Thanks, George, for your thoughtful comments.
With the delay, the thread has moved forward beyond your comments. So I
think I will not attempt to respond in any detail to what you say below. I
will simply say that you are echoing some of my thoughts in this area, and
that I generally agree with what you have to say here. Yes, I agree; the
subject at hand has been "obscured in most creation-evolution
discussions." But now it *is* being discussed; we both can be pleased.
I do find I have some differences of thought with several of Glenn's
points on this subject. So maybe I will raise these in a separate posting.
George's message follows.
> Gordon Simons wrote:
> > Glenn, since you subscribe to evolution, perhaps you could agree that
> > racism is a natural consequence of the mechanisms of evolution. Then the
> > question becomes for Christians:
> > How do the "fallen nature of man" and man's evolutionary origins
> > intertwine? It seems that we have inherited our "original sin," in a
> > very literal sense, through our genes (no apple required!), -- a natural
> > tendency toward racism, selfishness, promiscuity, and a multiplicity of
> > things we Christians (should) view as sinful.
> Glenn will answer for himself, but let me note that the
> theological problem is, if anything, deeper than you suggest. It isn't
> just that we inherit tendencies to racism &c: Traditional doctrines of
> original sin would lead us to expect that. The real problem is that it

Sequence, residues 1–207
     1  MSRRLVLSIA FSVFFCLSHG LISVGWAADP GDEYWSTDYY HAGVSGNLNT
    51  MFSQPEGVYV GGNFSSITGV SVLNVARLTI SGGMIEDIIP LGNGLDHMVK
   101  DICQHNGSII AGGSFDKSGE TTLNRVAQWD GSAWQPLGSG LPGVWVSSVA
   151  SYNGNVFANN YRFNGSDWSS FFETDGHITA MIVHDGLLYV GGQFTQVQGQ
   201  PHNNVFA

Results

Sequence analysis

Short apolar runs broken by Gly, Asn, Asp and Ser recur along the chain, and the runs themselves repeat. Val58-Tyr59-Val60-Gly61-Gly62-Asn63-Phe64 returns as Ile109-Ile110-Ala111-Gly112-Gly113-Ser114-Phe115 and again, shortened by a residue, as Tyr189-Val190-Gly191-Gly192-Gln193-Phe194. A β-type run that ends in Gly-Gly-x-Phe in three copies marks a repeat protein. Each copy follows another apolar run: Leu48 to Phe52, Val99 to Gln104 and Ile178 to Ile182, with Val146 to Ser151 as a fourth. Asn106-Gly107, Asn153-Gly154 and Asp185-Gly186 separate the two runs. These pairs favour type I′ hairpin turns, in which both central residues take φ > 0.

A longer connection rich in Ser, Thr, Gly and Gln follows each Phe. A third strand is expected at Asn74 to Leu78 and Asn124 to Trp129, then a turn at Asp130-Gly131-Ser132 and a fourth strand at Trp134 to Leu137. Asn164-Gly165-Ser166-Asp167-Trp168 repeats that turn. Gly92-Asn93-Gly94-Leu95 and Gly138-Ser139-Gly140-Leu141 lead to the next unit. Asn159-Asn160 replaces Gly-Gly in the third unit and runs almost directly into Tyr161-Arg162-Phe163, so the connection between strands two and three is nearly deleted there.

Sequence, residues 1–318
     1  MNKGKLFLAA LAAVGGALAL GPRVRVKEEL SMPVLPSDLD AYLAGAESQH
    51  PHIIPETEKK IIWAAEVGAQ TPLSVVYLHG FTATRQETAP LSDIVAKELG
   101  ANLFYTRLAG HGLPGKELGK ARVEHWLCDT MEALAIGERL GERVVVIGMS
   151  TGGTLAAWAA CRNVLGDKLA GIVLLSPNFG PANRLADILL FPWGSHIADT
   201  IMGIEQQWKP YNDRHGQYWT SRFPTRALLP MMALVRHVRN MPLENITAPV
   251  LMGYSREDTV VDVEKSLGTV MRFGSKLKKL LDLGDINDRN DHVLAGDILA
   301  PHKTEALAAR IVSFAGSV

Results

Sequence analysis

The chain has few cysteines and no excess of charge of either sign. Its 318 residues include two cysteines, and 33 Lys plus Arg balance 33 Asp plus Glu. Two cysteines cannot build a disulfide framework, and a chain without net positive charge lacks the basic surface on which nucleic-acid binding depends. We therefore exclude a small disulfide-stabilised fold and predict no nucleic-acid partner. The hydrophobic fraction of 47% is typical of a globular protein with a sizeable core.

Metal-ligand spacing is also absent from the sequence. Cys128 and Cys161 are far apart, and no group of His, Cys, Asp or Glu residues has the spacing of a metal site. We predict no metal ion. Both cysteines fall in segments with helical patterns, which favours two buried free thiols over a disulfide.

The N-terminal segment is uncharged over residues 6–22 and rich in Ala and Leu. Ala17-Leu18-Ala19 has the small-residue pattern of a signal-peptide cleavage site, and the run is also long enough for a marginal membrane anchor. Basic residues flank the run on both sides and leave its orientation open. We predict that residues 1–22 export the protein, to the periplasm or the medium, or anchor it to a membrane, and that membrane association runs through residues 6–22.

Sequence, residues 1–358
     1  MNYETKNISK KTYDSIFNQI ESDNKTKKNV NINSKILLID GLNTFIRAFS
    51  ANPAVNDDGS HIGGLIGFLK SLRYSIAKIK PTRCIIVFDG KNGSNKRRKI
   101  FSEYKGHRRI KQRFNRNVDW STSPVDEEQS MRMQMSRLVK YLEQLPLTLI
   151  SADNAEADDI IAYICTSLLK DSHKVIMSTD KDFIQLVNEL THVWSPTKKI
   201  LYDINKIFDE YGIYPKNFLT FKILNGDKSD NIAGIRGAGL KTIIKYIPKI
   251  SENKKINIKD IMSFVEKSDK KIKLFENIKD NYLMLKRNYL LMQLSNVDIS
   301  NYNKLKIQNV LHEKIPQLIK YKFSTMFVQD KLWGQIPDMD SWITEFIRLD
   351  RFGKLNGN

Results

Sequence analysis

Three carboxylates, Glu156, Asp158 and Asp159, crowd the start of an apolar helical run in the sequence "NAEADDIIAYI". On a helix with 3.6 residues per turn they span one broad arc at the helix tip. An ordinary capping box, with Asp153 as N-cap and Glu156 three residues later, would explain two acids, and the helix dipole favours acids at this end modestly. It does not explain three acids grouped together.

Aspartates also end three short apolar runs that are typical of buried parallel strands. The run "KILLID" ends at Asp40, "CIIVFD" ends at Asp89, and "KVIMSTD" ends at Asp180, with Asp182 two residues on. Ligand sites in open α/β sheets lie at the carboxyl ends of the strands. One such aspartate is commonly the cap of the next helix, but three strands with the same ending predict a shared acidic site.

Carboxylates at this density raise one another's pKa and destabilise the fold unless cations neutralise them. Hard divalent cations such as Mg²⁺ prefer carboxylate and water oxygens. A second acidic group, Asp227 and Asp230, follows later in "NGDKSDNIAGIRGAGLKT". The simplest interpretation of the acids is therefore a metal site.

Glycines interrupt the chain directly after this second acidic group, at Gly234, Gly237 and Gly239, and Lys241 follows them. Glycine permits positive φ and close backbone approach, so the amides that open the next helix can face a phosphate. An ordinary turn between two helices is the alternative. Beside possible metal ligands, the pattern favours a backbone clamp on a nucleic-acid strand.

> seems that when humans first became human (whatever we may mean
> precisely by that) they carried a considerable load of tendencies toward
> sinful behavior. These would not have been sinful in prehuman ancestors
> who were not moral agents, but would be in human beings. So how can we
> speak meaningfully of humanity being created good & _voluntarily_
> choosing sin? The difficulty, in other words, is not really with the
> idea of original sin but with the doctrine of creation.
> Those opposed to human evolution will seize such conclusions to
> argue that evolution must be heretical. I do not think that helpful,
> because it seems that humanity _has_eveolved. Nor do I think it
> impossible to develop adequate theological understandings of creation &
> original sin which take evolution seriously. (E.g., Phil Hefner's
> _The Human Factor_ is an attempt in this direction.) But such work
> cannot be some kind of rear guard action in which we simply try to
> preserve as much as we can of traditional western pictures of the Garden
> of Eden. Nor can it be a purely existential approach in which the
> entire question of origins is avoided.
> I think this is _the_ real problem for theological treatment of
> evolution. Unfortunately it is obscured in most creation-evolution
> George L. Murphy